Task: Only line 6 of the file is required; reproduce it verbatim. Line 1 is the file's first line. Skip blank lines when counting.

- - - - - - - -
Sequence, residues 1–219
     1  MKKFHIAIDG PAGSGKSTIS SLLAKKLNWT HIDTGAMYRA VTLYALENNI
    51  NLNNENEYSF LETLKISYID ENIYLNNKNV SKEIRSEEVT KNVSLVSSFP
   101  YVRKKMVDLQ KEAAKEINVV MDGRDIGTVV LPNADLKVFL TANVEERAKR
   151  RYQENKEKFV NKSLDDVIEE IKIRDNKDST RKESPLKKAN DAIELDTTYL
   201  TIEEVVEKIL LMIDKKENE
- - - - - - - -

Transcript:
   201  TIEEVVEKIL LMIDKKENE